Almost all 600,000 doses of the Oxford AstraZeneca vaccine received from the COVAX facility have been exhausted in the first phase of the vaccination exercise.
Dr Kwame Amponsah-Achiano, the Programme Manager of the Extended Programme on Immunization (EPI), said the first consignment received in February were almost exhausted and, so far, the programme had not received any report of vaccine rejection in any of the 43 districts they were deployed to.
He told the Ghana News Agency in an Interview in Accra that there was more pressure on the vaccine now than before with less than five per cent wastage recorded.
Dr Amponsah-Achiano said the EPI would, from next week, begin vaccination of all health workers in all the 16 regions adding that the Ghana Health Service was happy with the outcome of the first phase.
”The initial hesitancy was quiet problematic, but between the time we received the vaccine and the time we started the roll out, a lot has changed, the apprehension went down, and so far we have distributed all the vaccines,” he said.
He said the country had already taken delivery of 15,000 doses of the Sputnik V COVID-19 vaccine from Russia but it was not in use presently.
“We have not started using it because that first and second doses of Sputnik V are not the same, the vaccine has a match dosing regimen and unfortunately, we did not get matching quantities, we are putting it on hold for now until we get matching quantities,” he said.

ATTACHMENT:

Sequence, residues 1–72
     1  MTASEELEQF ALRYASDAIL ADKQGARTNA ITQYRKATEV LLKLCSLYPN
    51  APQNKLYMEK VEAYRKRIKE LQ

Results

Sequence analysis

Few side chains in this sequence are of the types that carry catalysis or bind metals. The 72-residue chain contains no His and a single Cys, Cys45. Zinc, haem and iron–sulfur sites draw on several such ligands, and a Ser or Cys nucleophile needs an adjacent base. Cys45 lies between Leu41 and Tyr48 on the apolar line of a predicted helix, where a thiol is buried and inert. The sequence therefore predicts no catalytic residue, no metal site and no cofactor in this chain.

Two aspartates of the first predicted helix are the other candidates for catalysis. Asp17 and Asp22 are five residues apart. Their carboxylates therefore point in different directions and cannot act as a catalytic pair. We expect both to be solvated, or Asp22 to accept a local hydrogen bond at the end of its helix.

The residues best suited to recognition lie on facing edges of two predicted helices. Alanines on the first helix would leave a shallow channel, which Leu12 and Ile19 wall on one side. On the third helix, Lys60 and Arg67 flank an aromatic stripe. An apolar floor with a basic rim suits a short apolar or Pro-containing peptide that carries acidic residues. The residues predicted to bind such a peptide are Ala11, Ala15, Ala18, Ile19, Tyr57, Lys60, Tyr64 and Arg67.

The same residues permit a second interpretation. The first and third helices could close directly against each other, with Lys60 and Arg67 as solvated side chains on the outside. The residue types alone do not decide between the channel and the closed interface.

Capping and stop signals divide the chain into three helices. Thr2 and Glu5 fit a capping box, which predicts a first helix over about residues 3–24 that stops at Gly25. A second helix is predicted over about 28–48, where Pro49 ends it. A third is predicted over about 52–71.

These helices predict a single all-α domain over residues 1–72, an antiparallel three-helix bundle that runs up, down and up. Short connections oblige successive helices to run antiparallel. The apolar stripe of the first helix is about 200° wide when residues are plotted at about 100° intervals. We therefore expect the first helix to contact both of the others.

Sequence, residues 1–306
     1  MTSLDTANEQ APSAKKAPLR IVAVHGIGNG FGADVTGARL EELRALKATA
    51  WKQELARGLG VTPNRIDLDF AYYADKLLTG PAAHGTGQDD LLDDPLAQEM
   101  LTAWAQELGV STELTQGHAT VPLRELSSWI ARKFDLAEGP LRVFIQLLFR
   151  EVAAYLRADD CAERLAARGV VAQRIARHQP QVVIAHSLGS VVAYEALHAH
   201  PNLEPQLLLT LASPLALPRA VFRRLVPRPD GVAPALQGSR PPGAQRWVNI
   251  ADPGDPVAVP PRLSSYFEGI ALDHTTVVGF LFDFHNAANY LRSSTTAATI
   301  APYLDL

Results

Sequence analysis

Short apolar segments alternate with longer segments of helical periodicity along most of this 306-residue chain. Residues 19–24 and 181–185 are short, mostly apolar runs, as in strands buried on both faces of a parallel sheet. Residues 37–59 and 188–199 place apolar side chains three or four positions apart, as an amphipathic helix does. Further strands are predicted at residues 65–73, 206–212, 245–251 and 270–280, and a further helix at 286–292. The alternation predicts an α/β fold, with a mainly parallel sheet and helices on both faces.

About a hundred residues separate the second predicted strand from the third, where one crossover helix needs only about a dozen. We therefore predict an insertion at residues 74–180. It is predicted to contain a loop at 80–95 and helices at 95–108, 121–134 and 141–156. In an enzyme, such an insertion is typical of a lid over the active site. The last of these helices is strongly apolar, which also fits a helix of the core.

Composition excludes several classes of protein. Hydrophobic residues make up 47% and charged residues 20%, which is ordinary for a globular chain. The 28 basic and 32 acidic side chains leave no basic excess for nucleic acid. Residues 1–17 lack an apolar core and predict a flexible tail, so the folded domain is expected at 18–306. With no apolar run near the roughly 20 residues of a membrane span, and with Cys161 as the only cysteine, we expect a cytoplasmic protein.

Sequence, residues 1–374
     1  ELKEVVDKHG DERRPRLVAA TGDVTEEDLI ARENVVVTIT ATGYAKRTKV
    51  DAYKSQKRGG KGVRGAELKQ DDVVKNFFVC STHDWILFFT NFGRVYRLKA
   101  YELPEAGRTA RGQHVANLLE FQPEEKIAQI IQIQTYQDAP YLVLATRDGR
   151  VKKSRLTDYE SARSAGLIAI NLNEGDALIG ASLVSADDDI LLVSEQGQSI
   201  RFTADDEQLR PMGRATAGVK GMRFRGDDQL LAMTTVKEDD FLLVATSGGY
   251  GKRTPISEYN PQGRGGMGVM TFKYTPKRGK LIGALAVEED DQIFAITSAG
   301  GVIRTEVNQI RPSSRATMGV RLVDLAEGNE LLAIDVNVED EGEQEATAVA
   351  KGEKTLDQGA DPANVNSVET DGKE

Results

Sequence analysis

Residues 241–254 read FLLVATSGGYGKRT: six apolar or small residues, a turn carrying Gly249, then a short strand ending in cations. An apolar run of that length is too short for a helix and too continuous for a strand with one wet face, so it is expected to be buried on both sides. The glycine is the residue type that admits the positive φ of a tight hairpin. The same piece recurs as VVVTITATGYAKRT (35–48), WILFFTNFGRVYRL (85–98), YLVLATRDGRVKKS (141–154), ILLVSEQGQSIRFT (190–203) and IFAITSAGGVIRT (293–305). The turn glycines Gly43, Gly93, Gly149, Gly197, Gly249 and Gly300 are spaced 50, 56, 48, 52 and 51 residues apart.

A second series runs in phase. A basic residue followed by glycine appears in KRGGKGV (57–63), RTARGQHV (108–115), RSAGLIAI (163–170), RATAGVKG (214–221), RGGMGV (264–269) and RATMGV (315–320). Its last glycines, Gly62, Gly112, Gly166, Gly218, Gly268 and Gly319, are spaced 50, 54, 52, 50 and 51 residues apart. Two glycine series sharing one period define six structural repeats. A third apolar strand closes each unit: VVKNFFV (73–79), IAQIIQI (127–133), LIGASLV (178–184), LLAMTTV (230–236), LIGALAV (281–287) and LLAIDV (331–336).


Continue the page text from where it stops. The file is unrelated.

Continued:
Dr Amponsah-Achiano said between now and May, Ghana would receive additional two million doses of vaccine from the COVAX facility in bits, which could vaccinate three per cent of the population.
He said Ghana was discussing with the manufactures of Sputnik V to get additional doses, after which they would be administered to the public.
”We also hope to get additional doses of the AstraZeneca vaccine through other multiple sources including the 17,000 doses announced by the President,” he said.
Dr Amponsah-Achino encouraged the public to keep adhering to the COVID-19 safety protocols by wearing a nose mask, observing social distancing, washing hands with soap under running water, or sanitizing hands frequently.
Coronaviruses are a large group of viruses that are common among animals. In rare cases, they are what scientists call zoonotic, meaning they can be transmitted from animals to humans, according to the US Centers for Disease Control and Prevention.
It has an incubation period of four to six days and fatal, especially for those with a weakened immune system – the elderly and the very young. It could also result in pneumonia and bronchitis.